An Overview of Bond Types

So you want to know more about bonds. Not the spy, nor the chemical, emotional, or blood-brother type either. But rather the financial investment tools that come in so many shapes and sizes. Best start off with the basics. Bonds offer a safety cushion against the rollercoaster action of the stock market. They help balance anyone’s portfolio.

A bond is a form of a loan between its issuer and whoever purchases it. In most cases the issuer is the government (Federal, State, or local) or a public company. Buyers are typically investors, whether they are private or corporate. They earn interest with a guarantee of full payment by a set maturity date.

Considered fixed income investments, bonds make regular interest payments till the date they mature. The longer you have to wait for that maturity date the more likely the price of the bond will be affected. Therefore the longer maturity dates usually pay the highest interest.

Types of Bonds
US Government Securities-the safest and most secure and therefore offering the lowest return
o Treasury bonds-maturity date over 10 years in denominations from $1,000 to $1million-no longer issued, but still available secondhand with government backed insurance in tact
o Treasury notes-maturity date of 2, 3, 5, or 10 years in denominations of $1,000-sold at public auction periodically via either a competitive or non-competitive bid-competitive means you will get the bond, non-competitive means you might not-red tape to confuse the masses-the interest rate on the note is set at the auction-a competitive bid states what rate you will accept-a spin of the dice, but a way to insure you don’t get stuck with a rate too low to live with
o Treasury Inflation Protested Securities(TIPS)-maturity date of 5, 10, or 20 years-in denominations of $1,000-also sold at auction-with the added extra of being adjusted for inflation every 6 months-at maturity the bond pays the adjusted principal or the original face value, whichever is higher
o Treasury bills-maturity dates of 4 to 26 weeks make these arguable not bonds, but they work the same way
Mortgage backed securities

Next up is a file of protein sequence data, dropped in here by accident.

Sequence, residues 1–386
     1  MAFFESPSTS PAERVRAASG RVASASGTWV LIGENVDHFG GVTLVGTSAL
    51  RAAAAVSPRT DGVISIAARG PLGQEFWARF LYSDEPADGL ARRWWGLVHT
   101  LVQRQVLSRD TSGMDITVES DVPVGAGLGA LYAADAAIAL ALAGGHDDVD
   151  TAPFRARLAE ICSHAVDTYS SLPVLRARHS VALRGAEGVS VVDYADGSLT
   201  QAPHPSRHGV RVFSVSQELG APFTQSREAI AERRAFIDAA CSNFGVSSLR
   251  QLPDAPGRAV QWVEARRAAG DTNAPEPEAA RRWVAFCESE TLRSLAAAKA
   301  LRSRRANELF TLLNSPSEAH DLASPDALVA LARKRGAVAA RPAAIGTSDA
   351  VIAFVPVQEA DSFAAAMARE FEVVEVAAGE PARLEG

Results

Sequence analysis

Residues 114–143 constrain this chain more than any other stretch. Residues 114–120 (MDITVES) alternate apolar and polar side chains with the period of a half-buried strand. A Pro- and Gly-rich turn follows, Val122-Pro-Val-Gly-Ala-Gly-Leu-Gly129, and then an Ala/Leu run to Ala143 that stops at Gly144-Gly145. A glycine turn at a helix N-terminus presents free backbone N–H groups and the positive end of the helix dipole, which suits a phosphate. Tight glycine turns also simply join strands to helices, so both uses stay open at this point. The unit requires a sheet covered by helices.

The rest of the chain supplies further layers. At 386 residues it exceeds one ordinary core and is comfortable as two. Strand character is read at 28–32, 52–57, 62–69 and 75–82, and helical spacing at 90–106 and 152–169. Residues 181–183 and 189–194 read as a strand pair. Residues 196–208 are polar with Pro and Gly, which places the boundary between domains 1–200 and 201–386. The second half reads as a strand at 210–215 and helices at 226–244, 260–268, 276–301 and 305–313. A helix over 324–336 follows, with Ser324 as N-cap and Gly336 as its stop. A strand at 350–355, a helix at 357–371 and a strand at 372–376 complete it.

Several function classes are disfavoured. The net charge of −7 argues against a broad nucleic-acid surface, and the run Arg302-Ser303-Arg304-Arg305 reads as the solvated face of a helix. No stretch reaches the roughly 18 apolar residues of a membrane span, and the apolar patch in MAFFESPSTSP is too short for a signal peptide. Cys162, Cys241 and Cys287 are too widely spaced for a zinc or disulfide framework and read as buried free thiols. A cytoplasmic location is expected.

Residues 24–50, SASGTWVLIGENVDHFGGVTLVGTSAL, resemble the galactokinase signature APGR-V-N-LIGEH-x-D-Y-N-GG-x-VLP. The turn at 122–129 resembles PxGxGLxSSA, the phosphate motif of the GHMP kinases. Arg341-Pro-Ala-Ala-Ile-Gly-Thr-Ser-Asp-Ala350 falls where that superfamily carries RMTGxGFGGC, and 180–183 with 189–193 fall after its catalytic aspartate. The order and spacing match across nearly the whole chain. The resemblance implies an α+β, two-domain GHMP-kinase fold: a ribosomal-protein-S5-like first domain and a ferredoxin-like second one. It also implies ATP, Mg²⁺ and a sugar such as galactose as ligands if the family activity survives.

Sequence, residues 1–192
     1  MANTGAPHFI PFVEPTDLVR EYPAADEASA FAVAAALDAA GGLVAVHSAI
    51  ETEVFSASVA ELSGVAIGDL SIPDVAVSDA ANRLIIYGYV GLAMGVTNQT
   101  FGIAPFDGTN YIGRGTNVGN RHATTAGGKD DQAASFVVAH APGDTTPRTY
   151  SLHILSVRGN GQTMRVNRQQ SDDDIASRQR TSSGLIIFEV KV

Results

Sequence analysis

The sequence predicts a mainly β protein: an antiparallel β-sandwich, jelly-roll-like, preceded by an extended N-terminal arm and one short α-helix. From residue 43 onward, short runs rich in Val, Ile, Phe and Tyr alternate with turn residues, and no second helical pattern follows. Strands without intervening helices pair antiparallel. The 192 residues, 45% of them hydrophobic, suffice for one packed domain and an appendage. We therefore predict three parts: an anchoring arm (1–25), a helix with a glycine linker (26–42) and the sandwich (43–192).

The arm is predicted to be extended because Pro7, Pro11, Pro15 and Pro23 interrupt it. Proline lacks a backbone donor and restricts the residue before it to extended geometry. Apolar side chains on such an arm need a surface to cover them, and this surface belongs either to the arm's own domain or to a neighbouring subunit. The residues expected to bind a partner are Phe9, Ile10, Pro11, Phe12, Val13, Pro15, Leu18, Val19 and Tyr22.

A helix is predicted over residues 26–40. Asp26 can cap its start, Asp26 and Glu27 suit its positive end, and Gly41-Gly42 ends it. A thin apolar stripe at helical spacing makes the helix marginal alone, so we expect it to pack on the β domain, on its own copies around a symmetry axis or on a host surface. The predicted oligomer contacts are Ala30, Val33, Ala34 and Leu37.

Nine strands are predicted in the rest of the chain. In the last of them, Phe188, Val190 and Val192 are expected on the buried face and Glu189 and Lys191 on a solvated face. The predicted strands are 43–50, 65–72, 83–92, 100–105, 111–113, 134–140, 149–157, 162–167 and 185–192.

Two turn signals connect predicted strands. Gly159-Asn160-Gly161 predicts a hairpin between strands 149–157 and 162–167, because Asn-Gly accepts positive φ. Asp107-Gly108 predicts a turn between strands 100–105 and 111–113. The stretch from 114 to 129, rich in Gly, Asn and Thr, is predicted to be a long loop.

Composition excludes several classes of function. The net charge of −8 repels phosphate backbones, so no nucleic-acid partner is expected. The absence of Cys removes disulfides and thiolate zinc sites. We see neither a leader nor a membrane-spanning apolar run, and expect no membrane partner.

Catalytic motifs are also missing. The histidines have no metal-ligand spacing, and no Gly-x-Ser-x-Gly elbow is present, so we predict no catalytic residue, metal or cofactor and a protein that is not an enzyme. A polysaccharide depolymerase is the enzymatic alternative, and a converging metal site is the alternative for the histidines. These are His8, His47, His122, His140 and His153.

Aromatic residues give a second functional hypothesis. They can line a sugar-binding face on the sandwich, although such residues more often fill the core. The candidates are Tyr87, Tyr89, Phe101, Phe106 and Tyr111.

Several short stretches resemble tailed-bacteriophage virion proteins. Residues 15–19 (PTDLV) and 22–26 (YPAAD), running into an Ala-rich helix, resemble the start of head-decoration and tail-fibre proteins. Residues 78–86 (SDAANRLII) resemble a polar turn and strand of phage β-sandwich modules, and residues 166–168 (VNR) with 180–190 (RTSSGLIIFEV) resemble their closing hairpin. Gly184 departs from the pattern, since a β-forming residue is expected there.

Municipal bonds
Corporate bonds
Junk bonds

A few terms you’re likely to encounter in the bond market and their explanations for those of you who haven’t memorized a dictionary:
Callable-means the issue can pay it back in full before the maturity date-a way for the issuer to save money by refinancing if interest rates have fallen significantly enough
Convertible bonds-means that the bond can actually be converted into shares of a company’s stock
Coupon-or coupon rate-is the interest paid by the bond, not a discount of any kind
Current yield-is how much the bond is currently paying out in income
Discount-a bond can be sold for less than its face value
Par-when a bond sells below its face value it is said to be selling below par
Real rate of return-a ratio of the interest you earn and the market value of the bond
Speculative-means higher risk and lower grade normally for higher return
Yield to maturity-is the income you will get if you hold on until the bond matures while reinvesting all interest

Maturity dates can range from one to ten years

Credit quality rates range from the highest government insured bonds to the lowest and most risky “junk” variety.

Interest on the loan is usually paid semi-annually, with bond prices varying on a daily basis, when interest rates rise bond prices drop and vice versa.

Helpful tips:
Chose shorter term bonds when interest rates are rising and long term bonds when interest rates are falling-assuming you’re expecting the trend to continue
Most bonds come with broker commissions when purchased except US Treasury securities-contact the federal reserve for more details
Bond funds, purchased through a mutual fund company, can help avoid sales commissions, but do normally come with annual maintenance fees
Capital gains taxes apply if you resell your bond for a profit short term rates apply if held for under 12 months, long term rates for longer
Remember to focus on the after-tax return-bond interest is taxed as regular income with the following exceptions
o US Treasury bonds, bills, and notes are exempt from state and local taxes
o Municipal bonds are usually exempt from federal, state, and local taxes for the state residents within the state the bond is issued from.